Recent newspaper reports suggesting that doctors might face imprisonment if they fail to end the lives of patients under the terms of living wills, may have caused GPs to wonder if there has been a change in the law regarding euthanasia.
There has not, and the Mental Capacity Act 2005 (MCA) that came into force fully on 1 October 2007, does not stipulate any such penalty.
New guidance, same rules
Living wills, also called advance decisions, have been around for some time.
The MCA and its accompanying code have set out new provisions and guidance, but the underlying principle remains the same: a valid and applicable advance decision by a competent patient to refuse treatment should be respected.
This is not the same as taking active steps to end life. The MCA also allows for patients to make a written statement requesting certain treatment or expressing a preference. But this is to be used to help in assessing the patient's best interests when they have later lost mental capacity.
This written statement will not legally bind doctors to take active steps to bring about a patient's death.
Indeed, section 62 of the MCA states that nothing in the Act is to be taken to affect the law relating to murder, manslaughter or assisted suicide.
The MCA contains a further safeguard. Section 4 (5) specifically requires that when a decision about a patient's best interest is being made that covers life sustaining treatment, the person determining the patient's best interests must not be motivated by a desire to bring about the patient's death.
The doctor's duty
An act hastening the death of another, where the death is desired or is known to be the certain result would ordinarily be murder.
The directions put to the jury by the judge Lord Devlin in the controversial case of Dr John Bodkin Adams (a GP and believer in euthanasia, acquitted of murder in 1957) remain effective statements of law, enabling doctors to treat terminally ill patients properly (see box).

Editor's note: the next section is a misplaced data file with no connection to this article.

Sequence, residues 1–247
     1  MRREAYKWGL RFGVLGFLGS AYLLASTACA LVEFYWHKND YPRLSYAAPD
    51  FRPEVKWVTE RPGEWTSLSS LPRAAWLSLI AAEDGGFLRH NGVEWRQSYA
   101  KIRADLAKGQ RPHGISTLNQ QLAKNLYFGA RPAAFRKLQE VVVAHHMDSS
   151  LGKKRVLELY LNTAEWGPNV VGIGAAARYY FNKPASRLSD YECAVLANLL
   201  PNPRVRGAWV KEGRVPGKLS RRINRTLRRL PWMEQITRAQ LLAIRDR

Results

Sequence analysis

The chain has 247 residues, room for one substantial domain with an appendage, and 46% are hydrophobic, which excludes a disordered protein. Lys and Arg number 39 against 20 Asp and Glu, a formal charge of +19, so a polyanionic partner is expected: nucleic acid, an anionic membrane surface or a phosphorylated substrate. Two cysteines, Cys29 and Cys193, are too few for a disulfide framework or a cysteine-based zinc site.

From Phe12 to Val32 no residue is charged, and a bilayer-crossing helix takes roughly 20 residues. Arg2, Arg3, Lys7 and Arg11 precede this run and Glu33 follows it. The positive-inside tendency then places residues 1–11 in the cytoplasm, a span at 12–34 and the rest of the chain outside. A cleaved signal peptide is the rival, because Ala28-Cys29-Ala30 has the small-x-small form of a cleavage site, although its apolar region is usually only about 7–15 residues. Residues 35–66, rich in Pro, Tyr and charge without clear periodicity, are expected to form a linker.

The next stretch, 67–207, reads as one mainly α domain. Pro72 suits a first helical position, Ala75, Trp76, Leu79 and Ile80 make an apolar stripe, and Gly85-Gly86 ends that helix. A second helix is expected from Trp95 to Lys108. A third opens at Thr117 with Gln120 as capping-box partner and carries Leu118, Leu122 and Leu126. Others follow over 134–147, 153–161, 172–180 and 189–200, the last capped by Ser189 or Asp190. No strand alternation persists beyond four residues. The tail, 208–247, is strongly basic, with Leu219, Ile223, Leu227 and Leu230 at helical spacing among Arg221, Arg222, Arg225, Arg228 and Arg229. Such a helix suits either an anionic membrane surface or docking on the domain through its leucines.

The key point in Lord Devlin's directions is perhaps that the doctor is entitled to do all that is proper and necessary to relieve pain even if this has the incidental effect of shortening life.
It follows that where a doctor treating a terminally ill patient provides medication to relieve pain which will have the incidental effect of hastening death, this will not amount to murder.
This is the case provided that the aim is to relieve the patient's suffering and that the medication is given in compliance with a duty of the doctor to do so.
Ian Barker is a solicitor at the Medical Defence Union, www.the-mdu.com.
The law on end-of-life patients
Judge Lord Devlin's 1957 directions still apply
- 'The Law does not mean that a doctor who is aiding the sick and dying has to calculate in minutes or even hours, and perhaps not in days or weeks, the effect upon a patient's life of the medicines which he administers or else be in peril of a charge of murder. If the first purpose of the medicine, the restoration of health, can no longer be achieved there is still much for a doctor to do and he is entitled to do all that is proper and necessary to relieve pain and suffering, even if the measures he takes may incidentally shorten life ...'
- 'There must be cases in hospitals that are going on day after day in which what a doctor does by way of giving certain treatment or omitting to give certain treatment prolongs or shortens life by hours, or perhaps even longer ...'
- 'If, for example, because a doctor has done something or has omitted to do something death occurs at 11 o'clock instead of 12 o'clock or even on Monday instead of Tuesday, no people of common sense would say, "Oh, the doctor has caused her death". They would say the cause of her death was the illness or injury, or whatever it was, which brought her into hospital, and the proper medical treatment that is administered and that has an incidental effect on determining the exact moment of death is not the cause of death ...'.